The web has gone through its share of trends in graphics and digital media since the early days when animated GIFs were abundant on websites. At the dawn of the millennium, Flash and its interactive multimedia capabilities were all the rage as they pushed the boundaries of what was possible for digital media on the web. The tools available for Flash designers and developers were good for their time, and the community and support behind Flash propelled its features to new heights. It became far more than a vector animation tool; it was the best method for developing games and interactive digital media content for the web.
However, as with many technologies, Flash was not without its flaws, and during the rise of the iPhone and other mobile devices, it was pushed aside as an inefficient proprietary software that got in the way of Apple’s mandate. It was forever tarnished, and the use of the Flash on the web basically ceased due to the inability to view Flash content on iOS devices. Games and apps for mobile devices really took off through the app stores as developers gained access to robust tools for creating native apps. Adobe AIR proved to be a very popular format for distributing games and digital media to app stores using Flash as the authoring tool. A new development platform called Unity also arrived on the scene with a focus on 3D/2D game development for mobile, desktop, and web with a quickly growing user base. With users taking to apps on their mobile devices and tablets for their gaming and digital media experiences, a lot of digital media shifted from the web to mobile apps, leaving the highly touted HTML5 as the way forward for digital media on the web.
In its earlier days, HTML5 was not as strong with more complex games, animation, and digital media development for the web. Flash and Unity were still far ahead in terms of its design and development tools and workflows, seamless handling of media, hardware-accelerated graphics, and ease of programming. The fragmentation of support for HTML5 features in different browsers also made it much more difficult and time consuming to develop than Flash (which is a develop once and distribute everywhere solution) and even native mobile apps. For a while, designers and game/interactive developers had a harder time given the available tools (or lack thereof) and workflows to create advanced digital media projects for the web.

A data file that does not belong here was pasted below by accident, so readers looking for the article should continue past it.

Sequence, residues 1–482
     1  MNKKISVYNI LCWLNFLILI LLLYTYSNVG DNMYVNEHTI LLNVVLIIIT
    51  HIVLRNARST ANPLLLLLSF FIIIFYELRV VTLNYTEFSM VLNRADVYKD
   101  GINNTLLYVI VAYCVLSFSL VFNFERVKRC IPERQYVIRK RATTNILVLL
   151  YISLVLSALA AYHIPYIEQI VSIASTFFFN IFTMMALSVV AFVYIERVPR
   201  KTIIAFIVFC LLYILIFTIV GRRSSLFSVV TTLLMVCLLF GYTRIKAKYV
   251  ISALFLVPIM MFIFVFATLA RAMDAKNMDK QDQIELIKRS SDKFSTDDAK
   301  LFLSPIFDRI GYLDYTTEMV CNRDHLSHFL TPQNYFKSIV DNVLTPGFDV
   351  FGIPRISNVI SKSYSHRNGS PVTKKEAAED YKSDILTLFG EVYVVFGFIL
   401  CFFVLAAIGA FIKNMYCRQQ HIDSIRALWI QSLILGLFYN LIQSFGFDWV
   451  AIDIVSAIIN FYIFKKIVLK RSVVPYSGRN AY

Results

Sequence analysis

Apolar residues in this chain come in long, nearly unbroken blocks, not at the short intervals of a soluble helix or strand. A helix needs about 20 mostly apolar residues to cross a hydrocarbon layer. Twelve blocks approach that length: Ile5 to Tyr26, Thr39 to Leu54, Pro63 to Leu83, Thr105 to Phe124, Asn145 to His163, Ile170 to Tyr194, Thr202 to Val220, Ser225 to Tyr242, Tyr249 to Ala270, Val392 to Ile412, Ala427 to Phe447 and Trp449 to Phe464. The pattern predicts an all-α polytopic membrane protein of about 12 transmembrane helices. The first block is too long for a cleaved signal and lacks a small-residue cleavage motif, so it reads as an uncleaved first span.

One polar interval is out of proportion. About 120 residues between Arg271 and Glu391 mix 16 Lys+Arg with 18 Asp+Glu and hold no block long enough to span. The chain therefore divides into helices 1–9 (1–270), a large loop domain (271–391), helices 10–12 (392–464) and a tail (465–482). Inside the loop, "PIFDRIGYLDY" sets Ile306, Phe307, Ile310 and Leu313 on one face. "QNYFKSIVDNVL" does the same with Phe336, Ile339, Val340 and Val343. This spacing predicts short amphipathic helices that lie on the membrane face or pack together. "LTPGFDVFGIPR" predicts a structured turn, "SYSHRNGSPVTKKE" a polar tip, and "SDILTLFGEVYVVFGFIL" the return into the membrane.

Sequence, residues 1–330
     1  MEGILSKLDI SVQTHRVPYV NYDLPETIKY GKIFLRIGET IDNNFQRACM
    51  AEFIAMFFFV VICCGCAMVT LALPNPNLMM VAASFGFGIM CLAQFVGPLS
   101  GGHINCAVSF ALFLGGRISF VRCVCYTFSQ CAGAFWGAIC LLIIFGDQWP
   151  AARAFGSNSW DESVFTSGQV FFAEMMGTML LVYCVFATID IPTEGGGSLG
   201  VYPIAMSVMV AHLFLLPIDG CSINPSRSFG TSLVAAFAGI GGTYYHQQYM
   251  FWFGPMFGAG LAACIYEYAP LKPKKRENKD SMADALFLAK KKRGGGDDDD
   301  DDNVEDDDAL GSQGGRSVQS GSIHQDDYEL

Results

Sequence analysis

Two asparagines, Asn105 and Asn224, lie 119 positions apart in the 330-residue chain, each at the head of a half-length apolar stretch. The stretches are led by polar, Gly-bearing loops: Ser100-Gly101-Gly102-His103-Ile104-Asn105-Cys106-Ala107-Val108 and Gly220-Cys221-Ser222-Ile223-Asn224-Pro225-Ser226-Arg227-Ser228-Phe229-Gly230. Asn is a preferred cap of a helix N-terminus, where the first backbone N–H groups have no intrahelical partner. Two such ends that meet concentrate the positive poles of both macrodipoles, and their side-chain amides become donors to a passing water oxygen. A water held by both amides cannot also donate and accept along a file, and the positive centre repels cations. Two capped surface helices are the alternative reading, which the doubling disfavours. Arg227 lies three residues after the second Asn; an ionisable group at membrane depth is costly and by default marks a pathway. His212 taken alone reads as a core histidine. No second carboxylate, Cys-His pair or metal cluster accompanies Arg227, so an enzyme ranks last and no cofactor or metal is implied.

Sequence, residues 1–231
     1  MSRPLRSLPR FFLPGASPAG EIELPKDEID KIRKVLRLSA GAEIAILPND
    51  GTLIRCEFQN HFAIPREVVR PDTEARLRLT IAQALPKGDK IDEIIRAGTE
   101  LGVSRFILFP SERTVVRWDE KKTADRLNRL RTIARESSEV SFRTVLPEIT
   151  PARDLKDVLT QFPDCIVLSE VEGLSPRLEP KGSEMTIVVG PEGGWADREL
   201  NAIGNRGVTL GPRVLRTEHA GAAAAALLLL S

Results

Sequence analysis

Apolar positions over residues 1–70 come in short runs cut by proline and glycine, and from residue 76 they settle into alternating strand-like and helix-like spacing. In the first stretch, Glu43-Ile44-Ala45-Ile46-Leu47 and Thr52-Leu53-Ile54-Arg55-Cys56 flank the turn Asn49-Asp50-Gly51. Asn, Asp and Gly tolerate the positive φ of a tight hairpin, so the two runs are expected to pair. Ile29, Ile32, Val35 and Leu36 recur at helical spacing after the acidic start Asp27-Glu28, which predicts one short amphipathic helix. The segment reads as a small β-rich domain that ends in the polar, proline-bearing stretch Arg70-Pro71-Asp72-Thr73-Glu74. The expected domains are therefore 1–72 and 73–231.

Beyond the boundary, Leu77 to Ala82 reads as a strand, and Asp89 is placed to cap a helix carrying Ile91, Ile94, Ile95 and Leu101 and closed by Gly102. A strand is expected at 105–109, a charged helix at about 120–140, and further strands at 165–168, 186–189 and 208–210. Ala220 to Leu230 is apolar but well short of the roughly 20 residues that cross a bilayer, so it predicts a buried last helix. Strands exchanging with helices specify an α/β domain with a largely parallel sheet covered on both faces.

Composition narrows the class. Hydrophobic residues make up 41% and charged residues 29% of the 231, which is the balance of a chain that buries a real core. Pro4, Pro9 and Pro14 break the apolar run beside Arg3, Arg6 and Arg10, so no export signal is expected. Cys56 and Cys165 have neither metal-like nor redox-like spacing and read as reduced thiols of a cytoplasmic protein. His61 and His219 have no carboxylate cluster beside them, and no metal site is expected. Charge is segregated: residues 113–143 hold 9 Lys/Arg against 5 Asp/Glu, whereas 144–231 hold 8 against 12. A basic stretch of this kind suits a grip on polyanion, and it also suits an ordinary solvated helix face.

Thankfully, the HTML5 movement is massive, and through its growth and large community, many of the challenges that have held it back in these areas have been addressed. Many frameworks, libraries, engines, and tool sets are available that now make it more attractive for digital media web projects. Also, there is much better browser support (less fragmentation of features) which was a hindrance to developers. With Google Chrome disabling support for a number of plugins this month (including Unity) and the other browsers likely to follow that trend, it’s clear that HTML5/JS with WebGL is the future of digital media on the web.
Now Unity and Flash also provide robust WebGL export, which allows content to be developed with these software platforms which works nicely on the web. This is helpful for interactive designers and developers who can leverage these tools and workflows to build better games and digital media experiences, and they can focus their time on creating compelling digital media with the tools they like. The release of Web GL 2.0 brings many improvements in the processing and handling of 3D graphics and gives developers access to more advanced graphic settings. Desktop and native mobile apps will always have better accessibility and efficiency with hardware for graphics processing, but WebGL is a big step forward for digital media on the web.
Every digital media platform for the web has its strengths and benefits as well as its drawbacks. There isn’t a single solution that is best for all projects. The future of Flash/AIR is bleak, and it hasn’t been used much for digital media on the web for years, although it’s still being used (as long as Adobe and third parties keep it alive) for multi-platform 2D digital media development for desktop and mobile apps. Fortunately, HTML5 frameworks and Unity are able to fill the gaps in development that were left by Flash/AIR. With its many useful frameworks, engines, libraries, and other features, HTML5 is great for all-around development and digital media work for the web and will continue to improve.
For the future of advanced gaming and digital experiences, Unity is top notch. It’s capable of creating next-gen 3D/2D game experiences with workflows that are unmatched. Its engine and capabilities go beyond anything that could previously be done with other software, and it has the community, support, and momentum to reach new heights for games and digital media across all platforms. The rapid growth and feature enhancements with Unity are truly exciting, and we will continue to work with it and HTML5 in the future.
A new era of digital media for the web is upon us; it’s filled with exciting new possibilities for next-gen interactive digital media and games, new devices and sensors, and solid platform options for designers and developers alike. While the technologies change and evolve, our drive to create inspiring interactive digital media solutions for our clients remains unchanged. We remain committed to working with the best digital media tools and technologies available to craft your experience.